Miss Cora Volwider began with her subject, “America and the World Court.” Her speech ended with the plea that America take its place in the court to assure that worldwide peace be assured, as a leader of nations.
Miss Gladys Ward later spoke of “American Immigration and Its Restrictions,” upholding the idea that “the restriction upon immigration is wise and just because it makes possible the best adjustment for the immigrant, the better economic control of the labor problems, the infinitely greater security for America, and a truer devotion to American principles and ideals.”
In her discussion of “The American Home,” Miss Esther Owen brought out many facts of interest in regard to the conditions that threaten the home as the backbone of civilization. She said that if men would talk of saving the home as much as they talk of saving the state, church and the nation, these latter institutions would be taken care of automatically.
Arthur Lewis spoke on “An American Economic Situation,” regarding a vital problem of the time, coal. The nation, despite being rich beyond all other nations in coal resources, experiences coal shortages and high prices. Lewis said “the coal industry will continue to give unsatisfactory service until the public realizes its deficiencies and demands a definite remedy.”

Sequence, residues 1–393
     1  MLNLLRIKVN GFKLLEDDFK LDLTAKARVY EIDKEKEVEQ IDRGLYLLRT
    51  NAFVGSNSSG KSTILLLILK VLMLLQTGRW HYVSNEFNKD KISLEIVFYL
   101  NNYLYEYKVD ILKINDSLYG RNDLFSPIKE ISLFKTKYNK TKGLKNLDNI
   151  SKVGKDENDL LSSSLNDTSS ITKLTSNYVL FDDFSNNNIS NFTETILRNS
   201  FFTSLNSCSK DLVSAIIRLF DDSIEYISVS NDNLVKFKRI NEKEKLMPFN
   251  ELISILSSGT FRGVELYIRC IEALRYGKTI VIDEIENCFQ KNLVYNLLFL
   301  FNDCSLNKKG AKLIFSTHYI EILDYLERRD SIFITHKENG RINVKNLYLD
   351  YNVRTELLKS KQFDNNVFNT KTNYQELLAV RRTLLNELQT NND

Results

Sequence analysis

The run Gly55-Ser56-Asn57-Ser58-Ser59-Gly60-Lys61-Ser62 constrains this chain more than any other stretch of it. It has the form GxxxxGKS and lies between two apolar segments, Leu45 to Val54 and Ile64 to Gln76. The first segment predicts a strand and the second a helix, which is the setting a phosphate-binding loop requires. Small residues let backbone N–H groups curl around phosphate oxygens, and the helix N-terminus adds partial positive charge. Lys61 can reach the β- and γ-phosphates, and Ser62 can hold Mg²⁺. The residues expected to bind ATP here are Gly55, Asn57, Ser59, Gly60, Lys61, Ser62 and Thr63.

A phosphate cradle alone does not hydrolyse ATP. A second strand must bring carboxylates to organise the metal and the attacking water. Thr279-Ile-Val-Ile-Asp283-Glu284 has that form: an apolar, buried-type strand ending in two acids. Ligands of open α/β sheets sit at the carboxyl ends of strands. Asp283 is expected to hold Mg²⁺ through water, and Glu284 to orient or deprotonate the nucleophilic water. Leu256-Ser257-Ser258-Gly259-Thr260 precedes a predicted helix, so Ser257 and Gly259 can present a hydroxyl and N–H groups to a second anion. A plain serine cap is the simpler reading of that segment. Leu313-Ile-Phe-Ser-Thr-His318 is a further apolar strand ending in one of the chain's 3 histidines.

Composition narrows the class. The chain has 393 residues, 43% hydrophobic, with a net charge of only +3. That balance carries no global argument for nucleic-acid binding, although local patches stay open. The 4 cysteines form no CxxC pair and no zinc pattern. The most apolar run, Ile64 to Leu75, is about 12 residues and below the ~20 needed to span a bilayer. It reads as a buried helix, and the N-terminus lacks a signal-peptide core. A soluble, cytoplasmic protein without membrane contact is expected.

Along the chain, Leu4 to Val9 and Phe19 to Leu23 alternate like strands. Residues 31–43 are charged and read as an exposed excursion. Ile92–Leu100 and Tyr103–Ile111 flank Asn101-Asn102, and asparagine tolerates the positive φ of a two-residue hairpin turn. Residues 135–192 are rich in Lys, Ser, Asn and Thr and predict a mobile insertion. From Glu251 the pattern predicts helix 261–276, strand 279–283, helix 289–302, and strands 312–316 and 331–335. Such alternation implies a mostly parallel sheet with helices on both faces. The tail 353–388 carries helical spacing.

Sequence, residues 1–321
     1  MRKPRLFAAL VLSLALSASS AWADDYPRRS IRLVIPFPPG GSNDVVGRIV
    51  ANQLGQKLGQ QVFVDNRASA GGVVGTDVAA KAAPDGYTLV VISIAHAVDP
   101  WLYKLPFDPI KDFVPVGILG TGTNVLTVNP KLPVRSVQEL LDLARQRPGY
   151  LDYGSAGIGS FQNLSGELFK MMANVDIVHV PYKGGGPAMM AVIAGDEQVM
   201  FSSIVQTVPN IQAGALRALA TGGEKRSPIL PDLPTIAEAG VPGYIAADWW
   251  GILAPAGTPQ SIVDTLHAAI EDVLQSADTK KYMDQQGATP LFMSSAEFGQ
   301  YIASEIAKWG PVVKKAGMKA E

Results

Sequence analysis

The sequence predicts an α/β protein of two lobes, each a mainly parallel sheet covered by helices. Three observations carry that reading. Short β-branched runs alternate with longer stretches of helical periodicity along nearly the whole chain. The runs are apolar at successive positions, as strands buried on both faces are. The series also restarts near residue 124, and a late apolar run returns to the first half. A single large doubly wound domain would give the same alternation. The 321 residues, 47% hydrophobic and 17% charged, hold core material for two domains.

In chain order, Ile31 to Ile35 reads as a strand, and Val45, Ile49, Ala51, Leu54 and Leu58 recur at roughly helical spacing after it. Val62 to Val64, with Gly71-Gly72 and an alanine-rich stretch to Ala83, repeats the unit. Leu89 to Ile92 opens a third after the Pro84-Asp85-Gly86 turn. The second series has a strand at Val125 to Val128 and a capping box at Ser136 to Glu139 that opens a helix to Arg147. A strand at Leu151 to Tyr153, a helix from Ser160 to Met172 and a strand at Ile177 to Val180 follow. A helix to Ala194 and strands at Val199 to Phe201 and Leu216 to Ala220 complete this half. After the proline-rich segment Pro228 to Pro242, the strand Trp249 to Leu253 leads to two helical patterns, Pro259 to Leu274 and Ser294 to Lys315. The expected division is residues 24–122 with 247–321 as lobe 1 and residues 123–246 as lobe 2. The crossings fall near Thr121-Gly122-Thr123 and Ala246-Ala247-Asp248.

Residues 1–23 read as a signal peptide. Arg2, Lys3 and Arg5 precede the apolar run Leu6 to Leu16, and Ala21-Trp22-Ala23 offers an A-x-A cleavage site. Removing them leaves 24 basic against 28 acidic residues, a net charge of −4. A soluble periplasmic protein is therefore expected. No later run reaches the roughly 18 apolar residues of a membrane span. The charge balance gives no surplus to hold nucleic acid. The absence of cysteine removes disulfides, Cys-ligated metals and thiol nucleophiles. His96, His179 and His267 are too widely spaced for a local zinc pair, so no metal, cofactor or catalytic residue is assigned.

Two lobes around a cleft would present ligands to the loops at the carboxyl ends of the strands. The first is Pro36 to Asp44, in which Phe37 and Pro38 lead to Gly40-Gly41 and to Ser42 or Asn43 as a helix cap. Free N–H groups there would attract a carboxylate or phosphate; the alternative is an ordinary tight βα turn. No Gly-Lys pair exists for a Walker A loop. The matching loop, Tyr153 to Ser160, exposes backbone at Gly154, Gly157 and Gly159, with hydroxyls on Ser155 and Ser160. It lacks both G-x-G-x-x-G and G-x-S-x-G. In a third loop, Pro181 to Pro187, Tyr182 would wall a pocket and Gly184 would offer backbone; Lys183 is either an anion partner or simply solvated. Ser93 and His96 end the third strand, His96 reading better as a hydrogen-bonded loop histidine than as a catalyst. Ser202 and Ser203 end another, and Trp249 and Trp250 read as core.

Other speeches were about music and poetry. Dr. George J. Dann, Oneonta’s superintendent of schools, was the final speaker and suggested the Class of 1923 enter life and follow five fundamental values, “a healthy body, a respect for sacred things, a respect for the flag, a well-informed mind, and a well-defined desire to achieve.”
One of the members of the Class of 1923 came back to Oneonta to be a longtime administrator at the Oneonta Junior High School, Miss Edna Tripp, principal.
On Monday: A fond farewell to a Portlandville school in 1983.
City Historian Mark Simonson’s column appears twice weekly. On Saturdays, his column focuses on the area during the Depression and before. His Monday columns address local history after the Depression. If you have feedback or ideas about the column, write to him at The Daily Star, or email him at email@example.com. His website is www.oneontahistorian.com. His columns can be found at www.thedailystar.com/marksimonson.